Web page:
Here is the most recent article written by CrazyBuster, Micksbabe. As usual, she nails it:
One of the life lessons I’ve learned, through grievous trial and error, is the importance of boundaries. Not just in interpersonal relationships, but in all facets of life. Some might consider me un-trusting. And that would be accurate. I trust very few people. My fortress walls are very fortified.
If you’ve spent any portion of your recent life living with a high-conflict person (HCP)/abusive personality disordered individual (APDI), you have no doubt had the walls of your fortress pummeled, blown up and decimated, to the point where you were completely vulnerable and became cannon fodder for the HCP. This is what HCP’s do.
And even though you may have “escaped” living with the HCP, whatever “radar” you may or may not have had before the HCP, was also decimated. Your bar of acceptable abuse was lowered. You have probably lost some sense of what normal/healthy/acceptable interactions are.
Unless or until you learn how to combat boundary infractions, you will continue to be fodder for HCPs – either from your ex (if you have children together and must remain in contact), or from future HCP predators who will sniff you out like wolves to a wounded rabbit. You must be retrained.
One of the best books I ever read on the subject of boundaries is a book called, “The Gift of Fear,” written by Gavin deBecker. His book touches on our inherent animal instincts and how we, as a culture and society, take great pains to ignore and suppress our animal instincts in order to maintain civility and avoid wars and conflicts. The problem with this is that, while we are resisting the urge to violate other people, we are also ignoring the warning signs that predatory humans (HCPs and APDIs) are sending us. HCPs/APDIs are NOT ignoring their animal instincts, but count on the fact that you are ignoring yours. HCPs ARE PREDATORS.
Wolf in sheep’s clothing. One of the toughest things about identifying an HCP/APDI is that they wear clever disguises. Look at pictures of Casey Anthony. Does anyone think she looks like a child killer? How about your ex-HCP significant other? Would you have ever thought that she was capable of the manipulation, deceit and destruction that she inflicted upon you?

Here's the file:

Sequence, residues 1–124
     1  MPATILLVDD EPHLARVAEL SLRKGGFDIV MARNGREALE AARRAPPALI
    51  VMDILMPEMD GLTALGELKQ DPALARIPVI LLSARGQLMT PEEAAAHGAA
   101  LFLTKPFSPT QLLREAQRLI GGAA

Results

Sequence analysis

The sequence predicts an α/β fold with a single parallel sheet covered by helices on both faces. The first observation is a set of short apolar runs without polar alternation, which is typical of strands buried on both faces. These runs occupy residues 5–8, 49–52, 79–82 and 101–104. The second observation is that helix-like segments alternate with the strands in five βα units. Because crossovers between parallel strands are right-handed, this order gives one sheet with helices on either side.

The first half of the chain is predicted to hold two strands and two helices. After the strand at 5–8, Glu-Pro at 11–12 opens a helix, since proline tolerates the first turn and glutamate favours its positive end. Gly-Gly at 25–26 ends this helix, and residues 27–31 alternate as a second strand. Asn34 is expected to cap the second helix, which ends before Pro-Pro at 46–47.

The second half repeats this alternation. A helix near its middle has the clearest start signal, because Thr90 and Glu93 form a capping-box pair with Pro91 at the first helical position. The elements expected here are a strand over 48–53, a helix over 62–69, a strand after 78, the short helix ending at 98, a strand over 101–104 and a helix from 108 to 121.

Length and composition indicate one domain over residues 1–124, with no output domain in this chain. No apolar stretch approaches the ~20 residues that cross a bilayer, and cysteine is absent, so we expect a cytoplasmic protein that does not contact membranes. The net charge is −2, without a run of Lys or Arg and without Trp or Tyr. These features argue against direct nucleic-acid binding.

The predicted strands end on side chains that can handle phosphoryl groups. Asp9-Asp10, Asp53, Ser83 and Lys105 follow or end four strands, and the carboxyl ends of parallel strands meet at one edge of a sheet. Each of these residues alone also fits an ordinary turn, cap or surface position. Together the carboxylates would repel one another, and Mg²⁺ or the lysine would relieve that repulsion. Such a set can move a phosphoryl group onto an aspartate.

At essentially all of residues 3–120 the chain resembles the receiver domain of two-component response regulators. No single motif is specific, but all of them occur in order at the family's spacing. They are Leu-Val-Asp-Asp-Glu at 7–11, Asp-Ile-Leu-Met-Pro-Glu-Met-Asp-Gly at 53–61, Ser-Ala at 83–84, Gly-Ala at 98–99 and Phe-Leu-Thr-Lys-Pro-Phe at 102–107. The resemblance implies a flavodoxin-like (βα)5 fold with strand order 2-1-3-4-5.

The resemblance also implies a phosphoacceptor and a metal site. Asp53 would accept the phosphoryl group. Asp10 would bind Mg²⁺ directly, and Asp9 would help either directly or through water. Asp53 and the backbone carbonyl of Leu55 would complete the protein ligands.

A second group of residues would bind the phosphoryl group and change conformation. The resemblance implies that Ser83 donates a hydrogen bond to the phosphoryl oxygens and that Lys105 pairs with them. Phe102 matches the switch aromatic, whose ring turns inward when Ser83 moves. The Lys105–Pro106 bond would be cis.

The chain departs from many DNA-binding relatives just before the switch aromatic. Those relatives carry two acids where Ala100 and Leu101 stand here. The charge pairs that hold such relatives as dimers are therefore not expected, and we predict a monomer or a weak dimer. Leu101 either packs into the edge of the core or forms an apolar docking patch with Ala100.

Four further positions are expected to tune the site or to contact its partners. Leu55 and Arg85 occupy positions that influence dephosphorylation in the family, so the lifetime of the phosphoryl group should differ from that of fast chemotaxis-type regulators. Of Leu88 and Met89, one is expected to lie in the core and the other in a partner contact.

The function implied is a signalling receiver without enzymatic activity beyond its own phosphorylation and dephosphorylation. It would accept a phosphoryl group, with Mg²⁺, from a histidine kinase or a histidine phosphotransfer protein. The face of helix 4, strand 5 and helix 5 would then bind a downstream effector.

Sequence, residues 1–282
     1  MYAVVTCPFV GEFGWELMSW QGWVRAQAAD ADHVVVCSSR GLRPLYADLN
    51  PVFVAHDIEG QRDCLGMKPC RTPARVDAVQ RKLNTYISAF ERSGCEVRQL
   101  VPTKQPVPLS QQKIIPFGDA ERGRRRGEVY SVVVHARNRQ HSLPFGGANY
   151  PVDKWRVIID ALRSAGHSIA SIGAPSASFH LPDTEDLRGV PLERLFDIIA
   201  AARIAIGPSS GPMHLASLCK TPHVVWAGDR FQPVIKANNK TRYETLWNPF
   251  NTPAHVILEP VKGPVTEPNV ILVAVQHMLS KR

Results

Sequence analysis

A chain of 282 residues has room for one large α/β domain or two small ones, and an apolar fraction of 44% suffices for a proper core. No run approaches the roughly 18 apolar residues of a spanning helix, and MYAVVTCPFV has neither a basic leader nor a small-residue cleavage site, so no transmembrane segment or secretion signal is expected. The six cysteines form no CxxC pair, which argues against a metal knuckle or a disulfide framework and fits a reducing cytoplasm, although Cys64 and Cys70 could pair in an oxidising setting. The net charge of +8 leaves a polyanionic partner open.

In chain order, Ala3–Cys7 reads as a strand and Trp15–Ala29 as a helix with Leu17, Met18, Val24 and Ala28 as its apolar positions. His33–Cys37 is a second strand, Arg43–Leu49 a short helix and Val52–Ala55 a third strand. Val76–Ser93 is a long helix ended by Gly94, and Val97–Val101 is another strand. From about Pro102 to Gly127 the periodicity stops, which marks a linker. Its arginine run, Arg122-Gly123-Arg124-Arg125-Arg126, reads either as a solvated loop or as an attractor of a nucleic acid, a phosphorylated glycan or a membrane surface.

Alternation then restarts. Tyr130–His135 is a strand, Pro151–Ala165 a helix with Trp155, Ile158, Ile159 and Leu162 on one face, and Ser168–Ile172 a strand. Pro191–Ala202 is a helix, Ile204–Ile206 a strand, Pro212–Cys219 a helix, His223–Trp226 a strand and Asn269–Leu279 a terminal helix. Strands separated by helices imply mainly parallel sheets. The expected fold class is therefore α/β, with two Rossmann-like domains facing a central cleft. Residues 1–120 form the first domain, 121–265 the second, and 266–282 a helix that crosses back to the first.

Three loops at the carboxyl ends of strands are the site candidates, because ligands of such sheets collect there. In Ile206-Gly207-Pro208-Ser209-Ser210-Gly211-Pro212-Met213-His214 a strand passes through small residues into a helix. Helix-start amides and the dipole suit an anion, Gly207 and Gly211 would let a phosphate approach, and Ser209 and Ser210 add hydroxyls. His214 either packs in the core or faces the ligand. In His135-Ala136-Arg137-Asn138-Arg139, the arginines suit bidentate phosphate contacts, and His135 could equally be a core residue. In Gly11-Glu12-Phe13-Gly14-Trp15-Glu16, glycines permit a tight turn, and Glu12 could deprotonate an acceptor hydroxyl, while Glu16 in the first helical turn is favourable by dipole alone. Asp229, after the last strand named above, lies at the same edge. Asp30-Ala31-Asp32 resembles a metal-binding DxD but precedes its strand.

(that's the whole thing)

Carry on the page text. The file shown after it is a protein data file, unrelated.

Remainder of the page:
The problem with HCPs is that they usually don’t have fangs and claws. They look like computer geeks, piano tuners, executives, doctors, teachers, politicians, party girls and housewives. In fact, whatever disguise the HCP wears, they are, in many cases, very successful in their roles. People who are not burdened with things like conscience, guilt, remorse or empathy, can go very far in life.
Testing the fortress walls. An HCP will always begin assessing your fortress’ weaknesses by testing the walls. Have you ever met someone who immediately asked you a question or said or did something that made you feel uncomfortable? I’ve noticed that HCP’s are often “touchers,” meaning they will reach out and literally touch you, on the arm, back, or anywhere. Do they ask you your age? Your income? Your weight? Or do they start in on a conversation that sounds like an inquisition? Do they make sexual innuendos? Seem overly flirty? Ask for favors?
In all of these instances, if you don’t put up immediate boundaries (i.e., move away so they cannot touch you, ignore personal inquisitions, rebuff sexual advances and flatly veto demands for favors), then the HCP has found their next victim/host. And the boundary infractions will become increasingly more bold.
Reconstructing your fortress walls. I cannot stress enough the value of finding a good therapist who specializes in personality disorders. Beyond this, there are certain traits within YOURSELF that you can learn to recognize and work on, that will help you to reconstruct boundaries to protect yourself.
1. Learn to be OKAY with being the “bad guy.” Being the good guy is over-rated. “Good guy” to the HCP translates as “victim.”
2. Learn not to take things personally. So what if the HCP acts insulted when you rebuff her advances or veto her demands? You were right and she was wrong. The fact that she froths at the mouth and spins herself into a crater is her problem and is no reflection upon you. This is not your issue to own . . . or fix.
3. DEVELOP RADAR or CRAZY-DAR. NOT trusting everyone you meet does not make you paranoid or jaded. Tap back into your Dog Language. Once you’ve learned to trust your own instincts, you’ll be a better judge not only of who HCPs are, but also who your true friends are.
Thank you, Micksbabe.
Dr. Tara J. Palmatier, PsyD helps individuals work through their relationship and codependency issues via telephone or Skype. She specializes in helping men and women trying to break free of an abusive relationship, cope with the stress of an abusive relationship or heal from an abusive relationship. Coaching individuals through high-conflict divorce and custody cases is also an area of expertise. She combines practical advice, emotional support and goal-oriented outcomes. Please visit the Schedule a Session page for more information.
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